The Apocalypse Couloir in the southern end of Grand Teton National Park is a “modern classic”. After its first known descent in 1994 (skied after climbing it) by one of the strongest ski mountaineering teams ever assembled, that team reported a terrifying avalanche “near miss”, post-holing sprints, and “emphatically discouraged attempting this objectively hazardous route”. In 2013 a team, climbing this same route to ski it, was avalanched and one of the mountaineers died. Since then, a top-down strategy has evolved (requiring 3-4 rappels that bottom-up suitors need not do. On the other hand, the ascent for top-down access is forested skinning right to the first rappel) and community convention has flipped. It is virtually unheard-of to climb the Apocalypse Couloir to ski it. Dozens of people ski it on the best days now, and bold practitioners ski it in powder snow, confidently and with extensive intentional ski cutting. If it were typically (or even occasionally) done “bottom up”, such traffic volume and aggressive snow movement would be irresponsible to criminal.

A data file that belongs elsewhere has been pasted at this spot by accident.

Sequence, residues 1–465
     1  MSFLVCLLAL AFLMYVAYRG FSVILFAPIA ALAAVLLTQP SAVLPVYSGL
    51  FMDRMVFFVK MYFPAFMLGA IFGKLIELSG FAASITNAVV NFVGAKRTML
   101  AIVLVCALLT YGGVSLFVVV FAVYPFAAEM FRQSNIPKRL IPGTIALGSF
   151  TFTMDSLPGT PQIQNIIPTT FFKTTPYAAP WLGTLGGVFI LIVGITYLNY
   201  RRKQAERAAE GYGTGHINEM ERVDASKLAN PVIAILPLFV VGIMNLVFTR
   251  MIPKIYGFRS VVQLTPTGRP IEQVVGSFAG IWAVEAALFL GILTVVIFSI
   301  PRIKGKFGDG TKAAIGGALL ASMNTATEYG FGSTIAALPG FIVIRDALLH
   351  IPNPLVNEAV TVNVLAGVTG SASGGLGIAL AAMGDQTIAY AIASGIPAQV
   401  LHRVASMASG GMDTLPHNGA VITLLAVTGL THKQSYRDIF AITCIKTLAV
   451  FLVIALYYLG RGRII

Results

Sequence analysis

One of my most memorable guiding assignments was a ski mountaineering week in Silverton. A long time client of the late Doug Coombs (Yeah, that’s as intimidating as it sounds…) joined me for 6 huge, steep day trips. Every single one leveraged a car shuttle and “top down” tactics to maximize mileage, scenery, engagement, and risk management. Most days involved more than one ski descent. Adherence to bottom-up dogma would have greatly reduced our ski enjoyment and volume.